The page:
This involves children and partners (and it also applies to couples). Don't create a war of different camps (meat eaters versus vegetarians), but allow everybody to voice their food desires and needs. Then come to a compromise. Perhaps you decide to eat healthy meals at home, but once a week you go out for a pizza as a 'treat'.

Have family meals 
This is probably one of the biggest reasons why eating has become such an issue in so many families these days. There aren’t enough family meals. The children are fed when they get home from school and the tendency is to feed them what they ask for. The parents eat at a different time. Try to have at least one meal a day together as a family. Don’t cook different meals and present them as such but rather have food that includes something for everybody and place it all on the table with equal value. You want to create a meal that doesn’t shout: the salad is for mum, the pasta for the kids and the meat for dad. Encourage children to try different foods, but don’t force them and most importantly, do not bribe your children with sweets to eat their vegetables.

I hope you try these ideas with your own family. I’m happy to help you through my family coaching programmes, so feel free to contact me if you feel you could do with a little support.

Courgette noodles with chunky tomato sauce


I've adapted this recipe from my Book Food Heroes to create a meal that you can serve to a family which includes various eaters (raw, vegetarian and meat eaters)

Base recipe (serves 4)

2-3 courgettes (choose fairly straight courgettes that aren't too thin!)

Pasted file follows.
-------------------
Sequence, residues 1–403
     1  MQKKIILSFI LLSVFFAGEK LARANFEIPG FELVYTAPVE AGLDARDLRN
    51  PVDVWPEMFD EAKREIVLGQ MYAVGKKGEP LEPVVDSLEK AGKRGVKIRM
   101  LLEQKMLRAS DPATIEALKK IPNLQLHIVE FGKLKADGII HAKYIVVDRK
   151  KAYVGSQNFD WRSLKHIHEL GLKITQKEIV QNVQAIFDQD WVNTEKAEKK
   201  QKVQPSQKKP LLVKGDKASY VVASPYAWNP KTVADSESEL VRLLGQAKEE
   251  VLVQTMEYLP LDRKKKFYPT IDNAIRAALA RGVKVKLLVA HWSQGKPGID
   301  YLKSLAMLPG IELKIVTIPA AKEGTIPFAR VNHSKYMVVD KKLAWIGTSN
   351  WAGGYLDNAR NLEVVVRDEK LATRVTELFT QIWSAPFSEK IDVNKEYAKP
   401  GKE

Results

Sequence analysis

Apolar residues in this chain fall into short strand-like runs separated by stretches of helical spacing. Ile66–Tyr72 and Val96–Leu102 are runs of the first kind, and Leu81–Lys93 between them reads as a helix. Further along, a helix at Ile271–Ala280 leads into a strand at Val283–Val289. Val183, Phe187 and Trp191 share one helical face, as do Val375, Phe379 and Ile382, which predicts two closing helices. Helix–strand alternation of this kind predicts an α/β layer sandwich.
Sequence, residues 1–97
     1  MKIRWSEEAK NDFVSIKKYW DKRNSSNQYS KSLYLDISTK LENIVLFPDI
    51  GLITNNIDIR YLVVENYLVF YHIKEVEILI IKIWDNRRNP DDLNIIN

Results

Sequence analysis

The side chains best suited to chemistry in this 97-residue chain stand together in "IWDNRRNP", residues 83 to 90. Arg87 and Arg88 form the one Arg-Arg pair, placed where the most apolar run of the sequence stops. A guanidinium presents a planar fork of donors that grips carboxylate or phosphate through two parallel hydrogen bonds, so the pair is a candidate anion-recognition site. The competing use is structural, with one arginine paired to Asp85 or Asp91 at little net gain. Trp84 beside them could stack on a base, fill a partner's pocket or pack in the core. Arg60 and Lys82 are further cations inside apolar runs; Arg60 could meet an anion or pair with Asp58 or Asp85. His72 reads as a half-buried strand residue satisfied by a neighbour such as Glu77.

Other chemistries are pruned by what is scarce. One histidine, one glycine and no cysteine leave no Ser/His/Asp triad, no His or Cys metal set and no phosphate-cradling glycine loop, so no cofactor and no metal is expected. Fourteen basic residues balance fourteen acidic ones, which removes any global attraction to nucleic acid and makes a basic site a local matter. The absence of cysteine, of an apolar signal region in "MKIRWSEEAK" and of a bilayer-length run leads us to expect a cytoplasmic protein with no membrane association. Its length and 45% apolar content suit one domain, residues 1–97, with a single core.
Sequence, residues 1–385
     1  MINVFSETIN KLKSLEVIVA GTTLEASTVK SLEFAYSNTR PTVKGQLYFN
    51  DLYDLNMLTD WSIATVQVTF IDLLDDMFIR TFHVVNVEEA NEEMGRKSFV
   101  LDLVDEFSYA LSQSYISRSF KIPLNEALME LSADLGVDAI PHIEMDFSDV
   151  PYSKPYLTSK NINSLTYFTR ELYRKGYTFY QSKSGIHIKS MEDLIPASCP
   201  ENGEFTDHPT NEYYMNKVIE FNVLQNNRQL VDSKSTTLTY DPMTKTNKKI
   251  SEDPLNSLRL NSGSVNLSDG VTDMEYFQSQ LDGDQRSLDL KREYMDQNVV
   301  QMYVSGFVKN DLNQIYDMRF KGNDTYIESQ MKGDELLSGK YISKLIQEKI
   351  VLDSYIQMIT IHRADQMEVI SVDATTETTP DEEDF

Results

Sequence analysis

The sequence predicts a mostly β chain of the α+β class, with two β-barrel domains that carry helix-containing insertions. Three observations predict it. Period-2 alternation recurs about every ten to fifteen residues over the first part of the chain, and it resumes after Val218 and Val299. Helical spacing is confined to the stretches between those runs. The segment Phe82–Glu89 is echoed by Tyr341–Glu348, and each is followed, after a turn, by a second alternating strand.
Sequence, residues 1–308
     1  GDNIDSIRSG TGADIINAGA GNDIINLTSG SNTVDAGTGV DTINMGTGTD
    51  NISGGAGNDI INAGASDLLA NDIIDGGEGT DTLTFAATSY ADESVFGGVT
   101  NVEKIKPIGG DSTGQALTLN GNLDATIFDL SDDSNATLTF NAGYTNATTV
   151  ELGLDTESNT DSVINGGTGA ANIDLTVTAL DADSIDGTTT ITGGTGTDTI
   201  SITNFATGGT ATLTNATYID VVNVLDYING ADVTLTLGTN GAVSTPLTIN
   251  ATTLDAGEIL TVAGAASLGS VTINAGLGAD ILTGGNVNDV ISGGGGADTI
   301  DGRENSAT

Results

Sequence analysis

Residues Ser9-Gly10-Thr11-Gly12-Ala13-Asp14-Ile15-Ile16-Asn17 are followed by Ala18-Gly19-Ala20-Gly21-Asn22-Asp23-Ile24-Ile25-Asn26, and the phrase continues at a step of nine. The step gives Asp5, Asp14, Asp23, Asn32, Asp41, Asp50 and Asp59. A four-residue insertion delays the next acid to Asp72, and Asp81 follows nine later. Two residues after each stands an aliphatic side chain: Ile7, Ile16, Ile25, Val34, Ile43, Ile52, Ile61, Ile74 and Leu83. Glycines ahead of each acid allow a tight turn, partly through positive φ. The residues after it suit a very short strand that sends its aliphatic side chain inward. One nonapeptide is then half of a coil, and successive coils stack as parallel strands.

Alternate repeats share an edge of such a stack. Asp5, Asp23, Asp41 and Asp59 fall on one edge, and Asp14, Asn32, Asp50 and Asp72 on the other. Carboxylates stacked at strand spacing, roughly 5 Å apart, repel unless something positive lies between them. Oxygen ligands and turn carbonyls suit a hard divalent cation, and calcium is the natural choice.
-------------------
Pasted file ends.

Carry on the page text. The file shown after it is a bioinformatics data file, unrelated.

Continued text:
For the sauce

1/4 cup goji berries 

1/2 cup sun dried tomatoes 

1/2 cup of walnuts 

4 medium tomatoes, chopped

1 red pepper, chopped (I prefer the sweet, pointed Roman peppers)

2 tablespoons extra virgin olive oil 

1 teaspoon paprika 

1 teaspoon apple cider vinegar 

2 teaspoons Tamari 

1 large handful of fresh basil(or 2 tablespoons frozen)

Soak the goji berries, sun dried tomatoes and walnuts for half an hour while you prepare the other ingredients.

Cut the courgettes into spirals with a spiral slicer or use a potato peeler to peel thin slices of the courgette length-wise, turning it as you peel creating long 'linguine' style peelings. If you have fussy eaters, they may prefer the courgette cut into linguine or even spiralised into Spaghetti. Visit my shop for spiraliser if you don't own one yet. It makes fab noodles from all sorts of vegetables.

Place the tomatoes, red pepper, olive oil, paprika, apple cider vinegar and tamari into the blender and blend until you have a smooth sauce.

Add the sun dried tomatoes and basil and blend for 10 seconds.

Then add goji berries and walnuts and process briefly until they are broken down but still chunky. 

Pour the sauce over the courgette spirals or noodles and serve raw with some 'Nut Parmesan' (grind nuts of your choice, nutritional yeast, and sea salt)

For vegetarians or vegans who don't want to eat raw
Warm the sauce to no more than 65ºC. This still keeps many of the nutrients intact but is hot enough to give the 'cooked' feel. Pour over the raw courgette and top with grated cheese or nut 'parmesan'. 

For meat eaters
Add some steamed meatballs to sauce. Steaming is a healthier option than frying, because frying burns the fats and creates carcinogenic substances.
There is also a lovely recipe for broad bean falafel in my blog posts, which would probably even be liked by a meat eater. 

There you go, a delicious, nutritious meal to serve the whole family!

Let me know how you get on with creating healthy meals for your family by posting on my FB page.

For more tasty raw, plant-based recipes, order my recipe workbook 'Food Heroes'. Over 77 recipes, nutritional info on foods used in the recipes, and tips on how to modify the recipes.